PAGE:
According to the Daily Yomiuri, MHW plans to launch an investigation into possible reasons for the price differences between domestic and imported products and equipment, including distribution channels. As part of this investigation, MHW will hold hearings on sole-import agents for medical equipment and conduct a survey of international prices. Once the investigation is finished, MHW plans to provide guidance to vendors in order to improve the situation and reduce prices. In the meantime, a medical equipment trade association will establish a panel on fair trade, after coordinating with the government's Fair Trade Commission, which regulates antitrust laws in Japan, as the Federal Trade Commission does in the United States. The new panel will check distribution channels independently of MHW.

The Japanese Federation of Medical Device Associations, which includes medical equipment manufacturers and sales agents, also plans to establish a fair trade advisory panel. This panel will review regulations that unduly restrict entry to the medical market. It will attempt to prevent misleading or overblown advertisements and the enticement of customers through premiums or kickbacks. The federation's goal is to promote transparent price formation through free competition among vendors.

Reimbursement Practices. Another area of changes in the Japanese medical market is reimbursement. A medical product is technically qualified to be brought to market only after a firm has registered it and obtained the various necessary government approvals, called shonin (approval) and kyoka (product license). This system was originally enacted as part of the Pharmaceutical Affairs Law to ensure the safe supply of medicines.3 In 1948, the law was expanded to include regulations for medical equipment in response to a proliferation, at that time, of defective and inferior devices.

Despite this careful government approval system, a product's sales in Japan actually depend largely upon the completely separate reimbursement policy conducted under the National Health Insurance System, which is a single-payer plan covering virtually all of the population. A manufacturer must obtain an appropriate price listing under this system or there can be no reimbursement for purchase or use, whether or not the product has been approved for sale. Each medical examination or treatment using a product in question is awarded points that correspond to a value chart issued by MHW. In this system, which is known as the piecework payment system, one point equals one yen.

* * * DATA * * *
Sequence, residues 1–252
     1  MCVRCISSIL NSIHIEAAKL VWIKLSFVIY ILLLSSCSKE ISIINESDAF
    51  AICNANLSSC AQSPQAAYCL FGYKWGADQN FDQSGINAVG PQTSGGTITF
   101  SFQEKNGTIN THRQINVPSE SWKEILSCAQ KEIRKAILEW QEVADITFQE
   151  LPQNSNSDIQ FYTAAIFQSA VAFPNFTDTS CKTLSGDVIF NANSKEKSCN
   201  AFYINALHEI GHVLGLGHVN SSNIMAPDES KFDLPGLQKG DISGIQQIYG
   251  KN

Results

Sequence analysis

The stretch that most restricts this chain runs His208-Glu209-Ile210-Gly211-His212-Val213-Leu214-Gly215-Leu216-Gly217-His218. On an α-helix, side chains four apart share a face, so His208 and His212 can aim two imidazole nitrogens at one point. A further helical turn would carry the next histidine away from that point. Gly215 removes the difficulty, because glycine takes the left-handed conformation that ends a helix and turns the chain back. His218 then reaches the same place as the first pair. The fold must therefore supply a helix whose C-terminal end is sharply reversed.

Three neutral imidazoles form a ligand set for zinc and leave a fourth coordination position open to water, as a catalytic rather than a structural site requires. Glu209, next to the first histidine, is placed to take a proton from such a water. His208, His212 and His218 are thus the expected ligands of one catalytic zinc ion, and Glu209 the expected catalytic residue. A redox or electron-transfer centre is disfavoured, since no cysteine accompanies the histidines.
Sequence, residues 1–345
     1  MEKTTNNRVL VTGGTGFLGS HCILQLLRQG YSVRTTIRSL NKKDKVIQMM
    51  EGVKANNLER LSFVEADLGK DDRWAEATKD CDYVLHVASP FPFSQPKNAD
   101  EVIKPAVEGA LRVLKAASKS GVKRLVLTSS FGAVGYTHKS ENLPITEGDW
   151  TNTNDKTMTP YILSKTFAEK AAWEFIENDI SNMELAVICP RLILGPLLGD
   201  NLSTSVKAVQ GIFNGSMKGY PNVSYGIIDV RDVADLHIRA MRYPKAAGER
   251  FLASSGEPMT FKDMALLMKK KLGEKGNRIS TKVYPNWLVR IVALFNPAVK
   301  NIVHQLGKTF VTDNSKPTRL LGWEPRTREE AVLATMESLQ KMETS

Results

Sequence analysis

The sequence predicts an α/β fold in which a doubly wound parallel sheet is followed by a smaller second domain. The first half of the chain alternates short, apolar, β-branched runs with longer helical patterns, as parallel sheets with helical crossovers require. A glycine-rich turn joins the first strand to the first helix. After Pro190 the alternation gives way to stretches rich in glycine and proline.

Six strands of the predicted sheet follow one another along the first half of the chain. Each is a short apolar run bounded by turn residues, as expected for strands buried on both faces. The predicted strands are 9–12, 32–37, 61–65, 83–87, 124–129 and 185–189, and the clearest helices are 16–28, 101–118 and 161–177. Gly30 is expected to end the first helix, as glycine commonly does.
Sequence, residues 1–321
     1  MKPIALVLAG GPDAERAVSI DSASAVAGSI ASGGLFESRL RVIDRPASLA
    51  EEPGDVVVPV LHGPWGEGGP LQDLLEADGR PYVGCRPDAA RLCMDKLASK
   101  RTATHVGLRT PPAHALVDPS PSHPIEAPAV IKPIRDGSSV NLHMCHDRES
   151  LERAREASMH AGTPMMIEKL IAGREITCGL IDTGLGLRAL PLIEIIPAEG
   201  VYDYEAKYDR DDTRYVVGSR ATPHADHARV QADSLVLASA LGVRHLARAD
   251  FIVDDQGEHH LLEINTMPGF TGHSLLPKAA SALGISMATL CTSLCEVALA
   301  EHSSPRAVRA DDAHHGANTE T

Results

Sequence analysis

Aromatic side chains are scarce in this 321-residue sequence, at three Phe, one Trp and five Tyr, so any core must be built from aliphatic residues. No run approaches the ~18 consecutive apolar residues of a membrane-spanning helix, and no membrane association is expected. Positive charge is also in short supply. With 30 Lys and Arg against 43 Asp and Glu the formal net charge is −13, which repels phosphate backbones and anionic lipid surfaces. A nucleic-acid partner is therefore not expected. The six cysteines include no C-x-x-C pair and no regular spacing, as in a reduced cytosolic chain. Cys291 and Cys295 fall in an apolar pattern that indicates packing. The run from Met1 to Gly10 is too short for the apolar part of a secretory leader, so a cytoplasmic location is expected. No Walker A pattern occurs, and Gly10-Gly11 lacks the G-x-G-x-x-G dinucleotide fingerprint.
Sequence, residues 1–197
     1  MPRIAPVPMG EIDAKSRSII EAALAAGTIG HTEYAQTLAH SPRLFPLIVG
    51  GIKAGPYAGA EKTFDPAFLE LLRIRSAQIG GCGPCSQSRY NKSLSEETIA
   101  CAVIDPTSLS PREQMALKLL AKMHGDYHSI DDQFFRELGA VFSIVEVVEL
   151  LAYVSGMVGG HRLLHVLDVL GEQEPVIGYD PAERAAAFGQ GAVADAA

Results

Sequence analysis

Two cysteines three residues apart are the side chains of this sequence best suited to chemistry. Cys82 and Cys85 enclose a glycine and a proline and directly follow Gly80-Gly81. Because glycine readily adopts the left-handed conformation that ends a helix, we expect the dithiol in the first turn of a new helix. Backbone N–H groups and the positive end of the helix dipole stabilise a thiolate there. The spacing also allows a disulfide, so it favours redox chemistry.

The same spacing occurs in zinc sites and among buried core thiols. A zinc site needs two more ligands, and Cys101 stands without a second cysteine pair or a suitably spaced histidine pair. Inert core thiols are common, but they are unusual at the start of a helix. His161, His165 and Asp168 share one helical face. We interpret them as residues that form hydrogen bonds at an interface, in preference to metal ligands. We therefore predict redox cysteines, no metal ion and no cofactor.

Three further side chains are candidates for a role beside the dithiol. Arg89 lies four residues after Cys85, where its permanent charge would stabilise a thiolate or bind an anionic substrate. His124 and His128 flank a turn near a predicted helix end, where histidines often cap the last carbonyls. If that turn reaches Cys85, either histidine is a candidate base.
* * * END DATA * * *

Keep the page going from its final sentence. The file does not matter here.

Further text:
Actual reimbursement is given by the insurer via a screening and payment agency. MHW consults the Chuikyou, or Central Social Insurance Medical Council, to obtain a range of opinions on the reimbursement apportionment points. This council has 20 members representing medical practitioners, those who pay fees, and the public.

For reimbursement, the MHW's Health Insurance Bureau places products in one of three categories: technical fee, special treatment materials (STMs), or highly advanced medical technology system (HAMTS).

For products in the technical fee category, hospitals receive payment per procedure rather than per product.

The STM category includes such products as guidewire angiography catheters, foley catheters, and orthopedic accessories. Reimbursement for the products in this category is on a per-product basis according to device function. Prices are revised every two years based on a weighted average of all brands in a functional group, as well as on a price survey. This functional approach is different from the previous system, which was in effect until 1995. Under that system, products were classified according to their brands rather than their functions.

The STM reimbursement category's main shortcoming is in determining the functional classification to which each product belongs, which rapid technological innovation makes difficult. The price differentials between domestic and imported products is another problem with the STM category. Because of these problems with STM product pricing, MHW has selected two products from the category for a distribution survey. The ministry hopes that the results of the surveys will help correct the high prices of imported STM products in Japan.

Other aspects of the overall reimbursement system, such as piecework payment to hospitals and official STM price setting, also hinder competitive pricing and, in turn, lead to price differentials.3